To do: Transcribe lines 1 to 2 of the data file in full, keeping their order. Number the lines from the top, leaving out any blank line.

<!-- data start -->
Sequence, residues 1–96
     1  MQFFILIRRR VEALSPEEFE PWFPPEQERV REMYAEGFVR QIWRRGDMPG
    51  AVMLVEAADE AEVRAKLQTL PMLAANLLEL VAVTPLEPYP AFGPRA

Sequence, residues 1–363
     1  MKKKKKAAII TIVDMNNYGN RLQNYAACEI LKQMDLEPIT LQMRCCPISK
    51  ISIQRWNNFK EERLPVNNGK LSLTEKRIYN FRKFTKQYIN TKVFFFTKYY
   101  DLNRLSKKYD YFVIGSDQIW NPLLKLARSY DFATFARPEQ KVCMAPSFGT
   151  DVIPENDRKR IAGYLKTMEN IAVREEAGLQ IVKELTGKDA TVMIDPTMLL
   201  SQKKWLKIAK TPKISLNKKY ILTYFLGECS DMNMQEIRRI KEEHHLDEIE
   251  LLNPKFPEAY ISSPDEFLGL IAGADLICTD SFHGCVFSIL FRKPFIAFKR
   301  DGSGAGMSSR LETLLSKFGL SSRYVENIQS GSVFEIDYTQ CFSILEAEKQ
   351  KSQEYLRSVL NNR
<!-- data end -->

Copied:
Sequence, residues 1–96
     1  MQFFILIRRR VEALSPEEFE PWFPPEQERV REMYAEGFVR QIWRRGDMPG